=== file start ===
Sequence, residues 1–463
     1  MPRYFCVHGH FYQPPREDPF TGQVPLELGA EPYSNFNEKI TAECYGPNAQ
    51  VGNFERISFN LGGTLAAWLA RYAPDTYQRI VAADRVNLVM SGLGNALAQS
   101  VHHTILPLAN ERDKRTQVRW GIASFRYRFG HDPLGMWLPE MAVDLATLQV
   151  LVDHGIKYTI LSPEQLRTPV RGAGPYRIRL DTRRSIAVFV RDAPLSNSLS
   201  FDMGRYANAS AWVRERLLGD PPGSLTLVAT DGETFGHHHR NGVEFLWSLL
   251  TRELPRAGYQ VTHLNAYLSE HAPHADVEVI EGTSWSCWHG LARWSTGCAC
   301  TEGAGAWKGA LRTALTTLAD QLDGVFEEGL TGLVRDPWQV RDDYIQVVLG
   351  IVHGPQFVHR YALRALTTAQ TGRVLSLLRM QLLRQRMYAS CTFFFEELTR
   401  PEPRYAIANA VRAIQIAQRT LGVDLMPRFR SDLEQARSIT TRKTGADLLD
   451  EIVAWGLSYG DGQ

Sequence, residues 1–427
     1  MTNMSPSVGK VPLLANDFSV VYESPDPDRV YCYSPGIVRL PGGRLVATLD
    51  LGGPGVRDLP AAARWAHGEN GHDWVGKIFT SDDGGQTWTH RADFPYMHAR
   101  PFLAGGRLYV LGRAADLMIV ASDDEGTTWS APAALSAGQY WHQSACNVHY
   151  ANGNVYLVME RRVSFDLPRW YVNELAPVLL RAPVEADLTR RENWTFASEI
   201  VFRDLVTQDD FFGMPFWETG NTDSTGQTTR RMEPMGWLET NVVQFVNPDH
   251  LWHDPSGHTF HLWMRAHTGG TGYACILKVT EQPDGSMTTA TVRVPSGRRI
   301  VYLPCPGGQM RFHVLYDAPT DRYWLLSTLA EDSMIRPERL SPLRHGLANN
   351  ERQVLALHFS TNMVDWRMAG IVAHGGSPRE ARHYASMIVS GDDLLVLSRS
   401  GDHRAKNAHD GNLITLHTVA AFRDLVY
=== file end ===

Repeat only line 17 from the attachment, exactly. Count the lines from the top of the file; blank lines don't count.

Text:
   201  VFRDLVTQDD FFGMPFWETG NTDSTGQTTR RMEPMGWLET NVVQFVNPDH